2. Rachel

    I have also heard the argument that models are tall and thin because “clothes hang better on tall thin people”. Which infuriates me because it is just not true! Some clothing looks great on tall thin bodies, yes; but other clothing is better suited to a curvy figure, an hourglass shape, etc. Also within the “tall and thin” category there are still differences in body shape, e.g. broad shoulders, breast size, waist definition etc. Clothing can look good on all kinds of people depending on proportions, build, personal style and attitude, etc.

    With no disrespect whatsoever towards people who are tall and thin; I really reject the idea that there is one Holy Grail body type which automatically suits everything; there isn’t. We also seem rather blind to the fact that tall and thin has only become the “ideal” in very recent times, and then only in certain parts of the world; it is by no means a fixed and permanent standard.

    I would also argue if you are designing clothing which only looks good on one body type, then maybe rethink your designs!

    • jan.4987

      I agree. It took me a long time to fully accept and start to work with the fact that my body is a *component* of the overall look, not a vehicle for it.

      For example, in the most general terms, I can take a look that’s quite masculine on the rail and by adding my body to it, can feminise the outfit simply by the wearing of it. Someone else could do the opposite. Or they could make a look more youthful or more mature just by being the one to wear it. Outfits are rarely talked about in that way, in my experience; their fluidity is not acknowledged. Which strangely enough, doesn’t seem very artistic to me.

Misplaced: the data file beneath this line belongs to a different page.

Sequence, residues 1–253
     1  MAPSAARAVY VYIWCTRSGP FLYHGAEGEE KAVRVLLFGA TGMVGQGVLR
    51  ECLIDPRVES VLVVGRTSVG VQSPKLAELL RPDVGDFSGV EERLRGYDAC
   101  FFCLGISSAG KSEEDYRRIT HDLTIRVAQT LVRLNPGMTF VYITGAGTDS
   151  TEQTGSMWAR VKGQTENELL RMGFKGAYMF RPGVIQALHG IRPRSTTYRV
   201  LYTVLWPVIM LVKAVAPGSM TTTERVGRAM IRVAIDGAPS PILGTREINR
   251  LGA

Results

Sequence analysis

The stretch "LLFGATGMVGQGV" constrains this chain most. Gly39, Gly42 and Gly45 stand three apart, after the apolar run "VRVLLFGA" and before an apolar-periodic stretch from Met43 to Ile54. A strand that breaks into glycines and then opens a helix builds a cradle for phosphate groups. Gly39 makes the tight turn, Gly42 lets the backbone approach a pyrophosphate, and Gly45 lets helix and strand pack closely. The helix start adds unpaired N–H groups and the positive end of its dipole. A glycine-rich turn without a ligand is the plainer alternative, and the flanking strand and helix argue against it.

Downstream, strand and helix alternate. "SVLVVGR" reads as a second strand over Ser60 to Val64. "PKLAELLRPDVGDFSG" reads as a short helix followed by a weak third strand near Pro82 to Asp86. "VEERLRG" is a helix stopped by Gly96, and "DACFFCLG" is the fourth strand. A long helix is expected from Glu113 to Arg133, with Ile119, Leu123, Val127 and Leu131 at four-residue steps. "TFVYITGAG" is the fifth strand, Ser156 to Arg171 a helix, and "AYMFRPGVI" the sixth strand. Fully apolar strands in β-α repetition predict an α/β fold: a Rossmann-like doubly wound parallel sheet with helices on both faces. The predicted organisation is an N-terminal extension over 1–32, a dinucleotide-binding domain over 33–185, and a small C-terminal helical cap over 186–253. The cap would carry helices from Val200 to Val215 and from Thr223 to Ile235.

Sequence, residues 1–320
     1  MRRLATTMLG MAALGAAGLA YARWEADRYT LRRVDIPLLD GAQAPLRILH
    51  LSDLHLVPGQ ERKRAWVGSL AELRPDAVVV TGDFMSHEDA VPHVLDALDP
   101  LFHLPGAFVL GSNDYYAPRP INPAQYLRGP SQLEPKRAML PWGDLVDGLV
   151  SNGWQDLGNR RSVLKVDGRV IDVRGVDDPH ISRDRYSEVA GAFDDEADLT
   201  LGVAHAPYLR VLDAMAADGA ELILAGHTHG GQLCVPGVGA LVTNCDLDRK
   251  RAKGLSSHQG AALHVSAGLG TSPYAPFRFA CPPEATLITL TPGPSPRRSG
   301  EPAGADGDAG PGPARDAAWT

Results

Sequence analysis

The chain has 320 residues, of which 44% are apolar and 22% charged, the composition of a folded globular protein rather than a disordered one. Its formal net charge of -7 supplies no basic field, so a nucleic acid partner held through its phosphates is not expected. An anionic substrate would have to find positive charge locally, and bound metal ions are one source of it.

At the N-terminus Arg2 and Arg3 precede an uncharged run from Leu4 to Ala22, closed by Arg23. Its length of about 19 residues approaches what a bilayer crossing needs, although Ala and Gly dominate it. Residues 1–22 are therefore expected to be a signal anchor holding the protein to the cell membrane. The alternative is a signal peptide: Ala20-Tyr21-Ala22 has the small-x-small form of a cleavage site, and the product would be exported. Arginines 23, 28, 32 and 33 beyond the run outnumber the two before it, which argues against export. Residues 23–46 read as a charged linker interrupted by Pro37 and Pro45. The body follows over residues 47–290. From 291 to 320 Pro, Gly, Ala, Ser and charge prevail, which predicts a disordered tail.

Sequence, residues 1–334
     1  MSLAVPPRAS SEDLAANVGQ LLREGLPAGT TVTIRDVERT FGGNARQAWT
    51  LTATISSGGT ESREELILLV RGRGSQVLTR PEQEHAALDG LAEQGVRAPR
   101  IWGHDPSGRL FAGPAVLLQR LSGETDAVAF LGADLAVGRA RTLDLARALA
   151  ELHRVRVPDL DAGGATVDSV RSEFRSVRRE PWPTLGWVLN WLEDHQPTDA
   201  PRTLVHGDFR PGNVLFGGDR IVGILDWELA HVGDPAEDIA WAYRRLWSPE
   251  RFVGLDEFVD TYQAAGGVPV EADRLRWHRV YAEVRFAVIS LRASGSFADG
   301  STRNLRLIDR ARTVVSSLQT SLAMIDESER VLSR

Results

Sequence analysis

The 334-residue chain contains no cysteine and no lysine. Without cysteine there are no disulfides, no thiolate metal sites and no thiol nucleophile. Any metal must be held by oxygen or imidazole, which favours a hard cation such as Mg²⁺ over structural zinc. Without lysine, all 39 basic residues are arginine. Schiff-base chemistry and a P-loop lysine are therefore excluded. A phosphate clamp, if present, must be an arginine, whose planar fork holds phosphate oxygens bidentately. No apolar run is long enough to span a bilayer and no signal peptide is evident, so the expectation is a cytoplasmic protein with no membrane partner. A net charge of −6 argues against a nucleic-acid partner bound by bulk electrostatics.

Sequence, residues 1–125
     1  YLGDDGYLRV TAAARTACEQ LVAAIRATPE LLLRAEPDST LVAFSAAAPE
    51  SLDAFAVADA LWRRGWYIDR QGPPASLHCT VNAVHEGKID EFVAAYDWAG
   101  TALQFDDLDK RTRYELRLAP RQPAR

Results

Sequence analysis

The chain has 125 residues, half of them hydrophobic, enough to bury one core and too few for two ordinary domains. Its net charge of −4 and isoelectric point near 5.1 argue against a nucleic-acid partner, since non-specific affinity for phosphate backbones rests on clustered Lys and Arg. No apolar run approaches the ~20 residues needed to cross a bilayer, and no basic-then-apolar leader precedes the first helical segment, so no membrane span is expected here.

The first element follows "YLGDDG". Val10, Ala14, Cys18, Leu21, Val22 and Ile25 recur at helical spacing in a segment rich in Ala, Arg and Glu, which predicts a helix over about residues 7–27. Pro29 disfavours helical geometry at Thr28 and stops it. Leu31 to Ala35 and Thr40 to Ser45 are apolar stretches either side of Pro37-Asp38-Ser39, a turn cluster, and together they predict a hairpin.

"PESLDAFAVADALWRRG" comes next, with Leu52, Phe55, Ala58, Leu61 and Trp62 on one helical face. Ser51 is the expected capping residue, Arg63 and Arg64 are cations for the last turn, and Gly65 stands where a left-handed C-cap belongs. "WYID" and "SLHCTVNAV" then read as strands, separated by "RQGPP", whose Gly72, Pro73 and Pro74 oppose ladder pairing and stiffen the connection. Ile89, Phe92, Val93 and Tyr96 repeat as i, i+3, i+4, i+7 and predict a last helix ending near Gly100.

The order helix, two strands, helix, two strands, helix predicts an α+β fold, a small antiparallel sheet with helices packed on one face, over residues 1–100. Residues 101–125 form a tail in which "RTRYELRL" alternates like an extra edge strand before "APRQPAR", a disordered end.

3. jan.4987

    I agree with you completely. If the clothes aren’t working *with* the body, then the designer isn’t doing their job properly.

    The clothes hanger argument to me is like if I were asked by my city to design a block of offices that functioned well as a workplace and worked well aesthetically with its surroundings in the place where it was intended to be built, and in response handed them the plans for a baroque cathedral, and then responded to objections by suggesting knocking down the surrounding buildings so that my work of art looked the way it’s supposed to. I wonder if there are any areas other than fashion where this kind of proposition is widely accepted. I’m struggling to think of any.

    • Amy Blankenship

      When I was an architecture major, an early assignment was to design a house so the new owners couldn’t extend it and mess up the design. So, yeah.

      I switched to art by the end of my first semester.

  4. Courtney

    I totally agree and I’ll add this thought: even granting them the “it’s really just art, not clothes” argument, why only make one type of art? What sort of artistic statements could you make around different “hangers”? Art is at least in part about pushing yourself past boundaries, to consider new forms which haven’t been considered before, to make the seemingly unbeautiful beautiful, or at least arresting. So to refuse to use the full potential of your medium is to limit youself from fully expressing the potential found in your art.

  5. Megan Gann